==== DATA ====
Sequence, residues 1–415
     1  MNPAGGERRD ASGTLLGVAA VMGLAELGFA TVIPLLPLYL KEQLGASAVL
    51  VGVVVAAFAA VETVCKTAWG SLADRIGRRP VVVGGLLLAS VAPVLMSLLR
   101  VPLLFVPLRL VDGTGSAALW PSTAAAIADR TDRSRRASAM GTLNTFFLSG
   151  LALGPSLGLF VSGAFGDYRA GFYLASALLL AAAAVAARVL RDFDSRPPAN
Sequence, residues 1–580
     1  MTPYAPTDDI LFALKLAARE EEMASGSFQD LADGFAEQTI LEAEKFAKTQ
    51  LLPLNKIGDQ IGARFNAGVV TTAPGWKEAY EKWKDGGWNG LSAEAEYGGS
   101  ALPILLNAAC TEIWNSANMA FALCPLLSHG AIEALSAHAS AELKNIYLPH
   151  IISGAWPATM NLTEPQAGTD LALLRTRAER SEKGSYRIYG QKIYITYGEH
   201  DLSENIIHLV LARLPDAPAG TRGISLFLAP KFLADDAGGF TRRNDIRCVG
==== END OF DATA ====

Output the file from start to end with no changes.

Sequence, residues 1–415
     1  MNPAGGERRD ASGTLLGVAA VMGLAELGFA TVIPLLPLYL KEQLGASAVL
    51  VGVVVAAFAA VETVCKTAWG SLADRIGRRP VVVGGLLLAS VAPVLMSLLR
   101  VPLLFVPLRL VDGTGSAALW PSTAAAIADR TDRSRRASAM GTLNTFFLSG
   151  LALGPSLGLF VSGAFGDYRA GFYLASALLL AAAAVAARVL RDFDSRPPAN
Sequence, residues 1–580
     1  MTPYAPTDDI LFALKLAARE EEMASGSFQD LADGFAEQTI LEAEKFAKTQ
    51  LLPLNKIGDQ IGARFNAGVV TTAPGWKEAY EKWKDGGWNG LSAEAEYGGS
   101  ALPILLNAAC TEIWNSANMA FALCPLLSHG AIEALSAHAS AELKNIYLPH
   151  IISGAWPATM NLTEPQAGTD LALLRTRAER SEKGSYRIYG QKIYITYGEH
   201  DLSENIIHLV LARLPDAPAG TRGISLFLAP KFLADDAGGF TRRNDIRCVG